Have you ever heard about Saint Patrick’s Day?
Well, it’s a unique, fun, and interesting experience that you need to have one day in your life. You can’t miss it!
A bit of history…
Every year, on the 17th of March, in Dublin, the capital city of the beautiful Island of Ireland, people celebrate Saint Patrick’s Day, a religious and cultural holiday, in honour of the patron Saint, who ministered Christianity during the fifth century. When he was 16, he was kidnapped by Irish pirates, who sold him as a slave to the king of the North Dal Riata, in modern Northern Ireland. Luckily, he learnt the Gaelic language and Celtic religion. After six years he ran away from the king’s court and became a bishop. Pope Celestine entrusted him the evangelization of the British Isles and in 431-432 he began his apostolate in Ireland (at that time Irish lands were almost pagan). From his work as a preacher came the power of Celtic Christianity, which combines Christian and pagan elements. He is credited as the introduction of the solar symbol of the cross on the Latin cross, which gave birth to the Celtic cross, a symbol of Celtic Christianity. At the beginning of the seventeenth century the historian and Franciscan friar, Luke Wadding, put the celebration in the liturgical calendar of the Catholic Church. It says Saint Patrick used a shamrock as a metaphor for the Trinity : Father, Son, and Holy Spirit.
For the Druids, shamrock was a sacred plant, as considered curative and according to the ancient numerology, the three leaves had its mystical powers and warning. During the nineteenth century, the shamrock became a symbol of the social class of peasants and rebellions against the British crown. In this period, getting dressed in green or having a green clover on the military uniform were considered deadly crimes and hence the strong link between the colour green and Irish national pride, called “The Wearing of the Green”.
Today it’s really funny to walk along Dublin’s streets and see all people wearing green t-shirts, pants, and hats. They use to bring a shamrock with them, which represents Ireland and the spring and paint their faces and hair. Another Irish symbol is the “Leprechaun”, the elf. The night between the 16th and the 17th, people used to put a glass of milk on the windowsill for him. It’s an old tradition. Irish green style is just irresistible!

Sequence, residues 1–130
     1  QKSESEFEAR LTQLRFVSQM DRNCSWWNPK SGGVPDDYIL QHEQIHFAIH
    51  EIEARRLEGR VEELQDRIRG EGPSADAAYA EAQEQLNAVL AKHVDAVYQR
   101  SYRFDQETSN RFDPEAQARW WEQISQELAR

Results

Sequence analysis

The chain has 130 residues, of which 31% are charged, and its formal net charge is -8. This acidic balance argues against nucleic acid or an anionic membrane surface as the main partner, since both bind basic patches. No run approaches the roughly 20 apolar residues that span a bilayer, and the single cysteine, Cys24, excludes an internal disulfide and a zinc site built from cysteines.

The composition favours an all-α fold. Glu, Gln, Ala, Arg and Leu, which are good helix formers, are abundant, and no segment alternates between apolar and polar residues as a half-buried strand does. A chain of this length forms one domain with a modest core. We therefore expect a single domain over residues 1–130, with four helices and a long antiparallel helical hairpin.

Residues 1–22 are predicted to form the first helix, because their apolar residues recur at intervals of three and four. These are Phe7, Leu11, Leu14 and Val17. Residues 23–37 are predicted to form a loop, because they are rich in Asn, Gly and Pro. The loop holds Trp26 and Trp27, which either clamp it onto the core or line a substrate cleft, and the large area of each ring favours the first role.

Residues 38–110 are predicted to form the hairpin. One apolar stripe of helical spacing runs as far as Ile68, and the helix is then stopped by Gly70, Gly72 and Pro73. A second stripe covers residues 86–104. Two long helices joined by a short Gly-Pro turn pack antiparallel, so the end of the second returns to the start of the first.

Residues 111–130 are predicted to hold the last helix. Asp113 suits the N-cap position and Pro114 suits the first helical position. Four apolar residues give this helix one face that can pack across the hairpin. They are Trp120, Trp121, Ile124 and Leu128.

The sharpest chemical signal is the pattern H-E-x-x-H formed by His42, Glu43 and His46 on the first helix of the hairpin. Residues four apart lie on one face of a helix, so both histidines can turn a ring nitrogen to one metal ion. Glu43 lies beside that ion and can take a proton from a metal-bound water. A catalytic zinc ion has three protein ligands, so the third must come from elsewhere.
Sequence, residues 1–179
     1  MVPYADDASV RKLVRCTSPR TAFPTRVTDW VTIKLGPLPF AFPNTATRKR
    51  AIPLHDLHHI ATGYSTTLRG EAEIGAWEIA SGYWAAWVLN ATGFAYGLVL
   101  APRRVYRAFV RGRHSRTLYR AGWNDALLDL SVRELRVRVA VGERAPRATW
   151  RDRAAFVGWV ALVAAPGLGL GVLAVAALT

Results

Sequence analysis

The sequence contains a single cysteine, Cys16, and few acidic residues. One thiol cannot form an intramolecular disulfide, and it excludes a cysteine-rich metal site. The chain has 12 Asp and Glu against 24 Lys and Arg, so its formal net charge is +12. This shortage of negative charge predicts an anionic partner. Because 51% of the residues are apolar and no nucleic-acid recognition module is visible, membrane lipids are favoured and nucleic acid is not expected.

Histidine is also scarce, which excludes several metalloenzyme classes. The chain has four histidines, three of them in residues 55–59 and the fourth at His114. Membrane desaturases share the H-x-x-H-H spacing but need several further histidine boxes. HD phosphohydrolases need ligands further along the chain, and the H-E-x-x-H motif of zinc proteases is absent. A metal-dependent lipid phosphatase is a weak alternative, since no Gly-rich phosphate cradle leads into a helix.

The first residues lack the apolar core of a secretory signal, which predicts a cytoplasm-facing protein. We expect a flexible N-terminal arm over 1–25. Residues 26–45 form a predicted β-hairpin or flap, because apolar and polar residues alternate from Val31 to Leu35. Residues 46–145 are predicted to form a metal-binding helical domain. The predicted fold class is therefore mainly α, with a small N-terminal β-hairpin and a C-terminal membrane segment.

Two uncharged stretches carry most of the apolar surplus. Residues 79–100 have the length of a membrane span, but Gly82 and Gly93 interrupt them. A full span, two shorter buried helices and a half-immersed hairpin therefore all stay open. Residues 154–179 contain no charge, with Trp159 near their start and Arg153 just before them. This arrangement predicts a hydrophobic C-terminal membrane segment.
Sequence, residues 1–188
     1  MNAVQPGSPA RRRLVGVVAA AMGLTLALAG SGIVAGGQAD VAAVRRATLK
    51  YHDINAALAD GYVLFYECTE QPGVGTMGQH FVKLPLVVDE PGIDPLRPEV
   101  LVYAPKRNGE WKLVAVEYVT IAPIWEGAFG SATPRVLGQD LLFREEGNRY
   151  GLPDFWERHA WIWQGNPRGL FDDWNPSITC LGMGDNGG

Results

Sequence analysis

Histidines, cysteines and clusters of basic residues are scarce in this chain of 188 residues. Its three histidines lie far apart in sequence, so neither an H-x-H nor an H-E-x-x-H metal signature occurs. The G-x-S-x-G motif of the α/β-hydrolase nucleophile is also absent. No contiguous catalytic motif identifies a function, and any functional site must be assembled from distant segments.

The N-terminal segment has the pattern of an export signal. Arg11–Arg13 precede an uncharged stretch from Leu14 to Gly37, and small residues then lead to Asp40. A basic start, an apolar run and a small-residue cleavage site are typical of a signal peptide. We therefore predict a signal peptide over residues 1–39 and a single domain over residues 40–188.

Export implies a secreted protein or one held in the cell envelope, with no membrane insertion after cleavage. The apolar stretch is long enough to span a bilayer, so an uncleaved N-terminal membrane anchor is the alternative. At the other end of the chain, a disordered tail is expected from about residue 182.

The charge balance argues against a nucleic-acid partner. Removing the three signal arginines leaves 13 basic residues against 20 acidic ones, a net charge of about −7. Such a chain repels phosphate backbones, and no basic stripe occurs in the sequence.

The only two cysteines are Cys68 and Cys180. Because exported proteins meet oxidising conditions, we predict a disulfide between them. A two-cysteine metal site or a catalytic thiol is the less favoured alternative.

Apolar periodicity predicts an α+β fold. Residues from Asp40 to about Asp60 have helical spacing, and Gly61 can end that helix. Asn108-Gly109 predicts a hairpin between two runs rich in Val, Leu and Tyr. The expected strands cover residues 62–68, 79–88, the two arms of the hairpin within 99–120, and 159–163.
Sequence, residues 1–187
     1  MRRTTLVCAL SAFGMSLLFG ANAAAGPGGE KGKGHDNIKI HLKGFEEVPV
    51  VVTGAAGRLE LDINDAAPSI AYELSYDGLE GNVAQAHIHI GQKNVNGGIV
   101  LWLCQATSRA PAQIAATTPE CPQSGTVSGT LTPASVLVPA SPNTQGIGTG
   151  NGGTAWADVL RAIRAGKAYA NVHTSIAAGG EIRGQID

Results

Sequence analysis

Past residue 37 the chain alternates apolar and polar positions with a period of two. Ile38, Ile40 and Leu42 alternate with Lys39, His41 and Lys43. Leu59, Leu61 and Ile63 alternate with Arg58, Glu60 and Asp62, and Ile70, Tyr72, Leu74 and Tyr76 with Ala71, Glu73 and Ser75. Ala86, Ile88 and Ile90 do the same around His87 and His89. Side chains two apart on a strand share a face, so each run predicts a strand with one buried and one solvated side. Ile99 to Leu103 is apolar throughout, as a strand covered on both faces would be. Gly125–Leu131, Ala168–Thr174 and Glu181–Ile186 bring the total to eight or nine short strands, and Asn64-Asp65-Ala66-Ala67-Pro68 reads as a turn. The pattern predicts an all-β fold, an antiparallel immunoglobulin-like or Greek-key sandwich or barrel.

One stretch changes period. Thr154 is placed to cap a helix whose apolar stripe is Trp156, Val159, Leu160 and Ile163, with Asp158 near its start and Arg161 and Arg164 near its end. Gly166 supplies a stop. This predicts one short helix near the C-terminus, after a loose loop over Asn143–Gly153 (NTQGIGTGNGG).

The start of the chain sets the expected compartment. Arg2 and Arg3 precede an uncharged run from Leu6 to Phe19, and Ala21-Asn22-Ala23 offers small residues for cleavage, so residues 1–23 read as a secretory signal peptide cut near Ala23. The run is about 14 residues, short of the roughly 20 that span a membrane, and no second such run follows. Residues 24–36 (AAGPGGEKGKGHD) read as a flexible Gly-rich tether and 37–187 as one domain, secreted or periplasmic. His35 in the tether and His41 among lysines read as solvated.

Adults can enjoy a pint (surely more than one) of beer at a local pub. They usually eat food such as pink bacon or savory roast chicken.
The parade, which takes place in Parnell Square, in the morning, is really amazing and much appreciated. The Leuprechan mask opens the show: a mix of colours, floats, street theater groups, artists, dancers, and musical bands from Ireland and around the world “populate” the street. People come from everywhere to see it: It’s a magical show!
You can walk all night, drink, dance, and meet people in the streets. It’s normal to stop a girl or a boy in the street and say,“Hi, I am from Italy, nice to meet you”. Pubs are full of people, who drink, talk, and listen to live music.
Four days after (the celebration starts on the 16th), the city is still full of people, who visited the Saint Patrick Cathedral, the most beautiful places of Dublin, bought souvenirs and enjoyed their Irish trip.
In Cork and Limerick, people organize something like Dublin.
Do you know it is also celebrated in the USA and Canada? Well, these countries are greatly influenced by the Irish culture. A little curiosity: In celebration of St. Patrick’s Day, the Americans dye the Chicago River green as a local custom. Also, in Italy, in the city of Bobbio, people celebrate it (because there was a bond between the abbey, the holy abbot Irish Saint Columbanus, and the land of Ireland).
Last March, in Milan, “San Patrizio Milano Festival” was organized. In Bologna and Roma, people tasted a typical Irish meal and the Guinness Beer and listened to traditional Irish songs in the old tram of ATAC. Yes, in the tram! What an original idea!
And now aren’t you excited about enjoying Saint Patrick’s Day? You can book a cheap flight and a room in a hostel for next March, and enjoy this beautiful Irish experience! And of course, don’t forget to bring something green with you.